My basic construction technique is a rolled hem on the top and bottom, then join the gores with a flat-felled seam. Use a Microtex needle, 70/10, and Tera 80. The job for me has been a breeze now that I got the right thread and needle. (Disclaimer: I know how to use a sewing machine. Others may find the job not as much a breeze as a windstorm.)

Links:


This is an 875-yard spool, larger than a standard spool. I made it work on my machine with an insert that made the center opening small diameter. Rockywoods Fabrics is in Loveland, CO. They've got several shipping choices, reasonable costs.


Wawak is headquartered in New York, but my order shipped from Sparks, NV. I received my needles in Las Vegas four days after I ordered them.


Hope all this helps.
 

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I don't, other than to say look for screen printer in your area. I've worked with them before and if you can give them a design, they screen it on your ripstop. I'd ask them how heavy the ink will be when it's dry. Also, how flexible.
Good questions to ask but neither should be an issue. How many colors are you wanting.??
 

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OP here reporting back...... I flew 6 rockets today and I took my time folding the chute and kept the lines organized. I had no tangles.!! Another thing I did was rather than stuff the chute into the tube with the attached lines pointing out, I put the chute in the tubes with the attached shroud lines pointing aft. Or the top of the chute pointing up/forward. I hope you understand that. lol.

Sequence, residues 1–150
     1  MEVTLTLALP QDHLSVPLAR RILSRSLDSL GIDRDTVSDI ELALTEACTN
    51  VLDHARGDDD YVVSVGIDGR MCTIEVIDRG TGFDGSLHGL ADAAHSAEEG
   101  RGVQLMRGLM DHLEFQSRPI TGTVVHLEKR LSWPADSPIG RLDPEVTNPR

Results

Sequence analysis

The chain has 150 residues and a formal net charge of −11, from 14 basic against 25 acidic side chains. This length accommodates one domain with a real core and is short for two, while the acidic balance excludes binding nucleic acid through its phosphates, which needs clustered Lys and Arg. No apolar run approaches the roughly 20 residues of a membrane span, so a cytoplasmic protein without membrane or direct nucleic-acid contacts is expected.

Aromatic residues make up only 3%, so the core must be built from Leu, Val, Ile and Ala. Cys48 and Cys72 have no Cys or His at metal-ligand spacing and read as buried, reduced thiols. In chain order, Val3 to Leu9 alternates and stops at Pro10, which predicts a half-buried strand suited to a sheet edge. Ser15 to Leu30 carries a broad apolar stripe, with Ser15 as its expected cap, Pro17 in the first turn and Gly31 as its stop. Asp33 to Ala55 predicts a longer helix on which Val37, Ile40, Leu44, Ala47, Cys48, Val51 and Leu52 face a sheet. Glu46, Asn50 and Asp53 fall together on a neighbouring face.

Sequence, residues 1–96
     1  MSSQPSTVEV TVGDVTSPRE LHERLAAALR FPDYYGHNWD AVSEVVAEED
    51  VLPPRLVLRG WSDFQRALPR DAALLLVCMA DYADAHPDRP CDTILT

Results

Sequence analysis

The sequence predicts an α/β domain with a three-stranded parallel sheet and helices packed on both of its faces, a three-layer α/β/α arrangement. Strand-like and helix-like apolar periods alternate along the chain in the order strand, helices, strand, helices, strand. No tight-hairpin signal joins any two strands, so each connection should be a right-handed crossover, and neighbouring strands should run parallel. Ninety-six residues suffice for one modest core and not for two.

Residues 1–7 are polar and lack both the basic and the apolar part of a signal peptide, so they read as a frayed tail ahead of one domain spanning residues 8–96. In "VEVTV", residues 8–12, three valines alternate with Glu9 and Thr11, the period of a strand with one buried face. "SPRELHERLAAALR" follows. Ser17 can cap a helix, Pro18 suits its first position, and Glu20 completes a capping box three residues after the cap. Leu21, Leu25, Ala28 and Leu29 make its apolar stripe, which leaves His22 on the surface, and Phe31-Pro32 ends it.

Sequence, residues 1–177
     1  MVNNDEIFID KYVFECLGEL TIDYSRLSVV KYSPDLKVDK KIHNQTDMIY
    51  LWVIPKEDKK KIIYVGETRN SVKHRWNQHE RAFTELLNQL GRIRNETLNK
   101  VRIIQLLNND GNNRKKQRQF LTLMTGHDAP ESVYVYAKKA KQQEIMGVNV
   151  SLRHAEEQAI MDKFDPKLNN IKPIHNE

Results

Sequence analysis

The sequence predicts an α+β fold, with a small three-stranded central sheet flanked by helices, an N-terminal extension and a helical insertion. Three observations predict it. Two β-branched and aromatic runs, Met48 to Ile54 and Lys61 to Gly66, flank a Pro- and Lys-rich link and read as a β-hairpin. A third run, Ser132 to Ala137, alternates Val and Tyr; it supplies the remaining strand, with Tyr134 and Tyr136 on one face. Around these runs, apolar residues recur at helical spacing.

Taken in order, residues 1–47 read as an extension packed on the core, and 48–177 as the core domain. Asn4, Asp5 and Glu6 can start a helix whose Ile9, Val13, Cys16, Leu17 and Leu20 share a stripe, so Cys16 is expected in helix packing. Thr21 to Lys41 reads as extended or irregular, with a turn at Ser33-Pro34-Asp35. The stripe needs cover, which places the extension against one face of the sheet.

How do you all pack the direction of the chute.??

Being the OP here I'm amazed by the replies here. You guys are into it.!!! Pretty cool.
 

teepot

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I z fold the chute, z fold the shroud lines and put them between a fold in the chute. The nomex blanket is attached about 6 inches above the chute attachment point. I roll the chute up, add the JLCR if I'm using it, roll the chute in the blanket and insert. At ejection the nose cone comes off, then some shock cord then the blanket then the shroud lines then the canopy. Since I started doing it this way I've had 1 tangled chute in 10 launches. And I learned this technique here on the forum from someone who packed chutes for paratroopers.
 

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Thanks Teepot. I need to incorporate the Nomex blanket. I'm not sure if this helped me or not but yesterday I moved the swivel on the chute back about 2 feet back from the nose cone attachment. In other words, I attached the chute to the shock cord. I was thrilled not to have any tangles. We'll see how it goes next time.
 

AfterBurners